Tyrone Freeman, Ph.D., director of undergraduate programs and assistant professor of philanthropic studies, discusses Black Philanthropy Month and how African-Americans have been philanthropists for generations. Watch the video above and read the transcription below to learn more.
Black Philanthropy Month is a great time to recognize that African-Americans have been philanthropists from Day One.
In every era of American history, African-Americans have used philanthropy in a variety of ways. They used it for daily survival, to meet needs, to pool resources, to care for each other, and to help each other get by, whether enslaved or whether free.
They used it to develop their communities, to build schools, to provide services in the face of broader discrimination and segregation. They have certainly used it to bring about social change.
Think about abolition, the Civil Rights Movement, even contemporary movements surrounding mass incarceration, or other concerns in the community. All of these are a part of the traditions of giving in African-American philanthropy.
But there’s another way that they’ve also used it, and that’s to express their humanity, their dignity, and their generosity in the face of a world that has regularly denied them all three.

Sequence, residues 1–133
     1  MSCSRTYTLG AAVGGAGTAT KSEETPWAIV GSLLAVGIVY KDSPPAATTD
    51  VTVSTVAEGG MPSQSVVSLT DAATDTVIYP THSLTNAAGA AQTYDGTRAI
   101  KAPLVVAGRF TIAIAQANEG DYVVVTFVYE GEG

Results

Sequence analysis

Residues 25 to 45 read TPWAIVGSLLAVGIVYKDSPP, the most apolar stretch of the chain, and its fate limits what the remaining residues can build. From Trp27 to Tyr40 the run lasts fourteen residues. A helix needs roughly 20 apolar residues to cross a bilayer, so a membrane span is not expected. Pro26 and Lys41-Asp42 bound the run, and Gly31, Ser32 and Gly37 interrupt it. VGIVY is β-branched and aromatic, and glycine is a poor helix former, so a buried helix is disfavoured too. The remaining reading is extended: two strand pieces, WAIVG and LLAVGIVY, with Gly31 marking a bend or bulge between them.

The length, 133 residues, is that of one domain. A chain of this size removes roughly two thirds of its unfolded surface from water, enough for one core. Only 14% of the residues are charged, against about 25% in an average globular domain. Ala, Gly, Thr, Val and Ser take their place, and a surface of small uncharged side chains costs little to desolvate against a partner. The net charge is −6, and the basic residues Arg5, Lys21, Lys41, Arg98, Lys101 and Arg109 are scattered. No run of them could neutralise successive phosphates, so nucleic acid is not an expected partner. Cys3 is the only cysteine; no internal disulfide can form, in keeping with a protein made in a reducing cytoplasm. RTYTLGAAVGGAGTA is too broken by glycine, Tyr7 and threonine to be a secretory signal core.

So, when LeBron James starts a school in his hometown for kids that were just like him when he was a little boy, that’s not a random act. He’s part of this long history of African-American philanthropists providing educational opportunities for their communities in the face of a larger system that’s insufficient at best but grossly discriminatory at worst.
So he joins the likes of people like Bishop Daniel Payne of the AME Church, Nannie Helen Burroughs, Lucy Laney, even Marva Collins. These philanthropists who stood up and provided education for their communities.
But it’s not just about LeBron and other millionaires and billionaires, it’s about you and me. If you’re an usher at your church, and you welcome people into service every week, you’re a philanthropist. If you volunteer as a coach, and you pour yourself into the lives of young people, you’re a philanthropist. If you’re part of a giving circle, you pool your resources together with other like-minded people, to start a scholarship, or to provide some other service in the community, you’re a philanthropist.
And you’ve got 400 years of history standing behind you.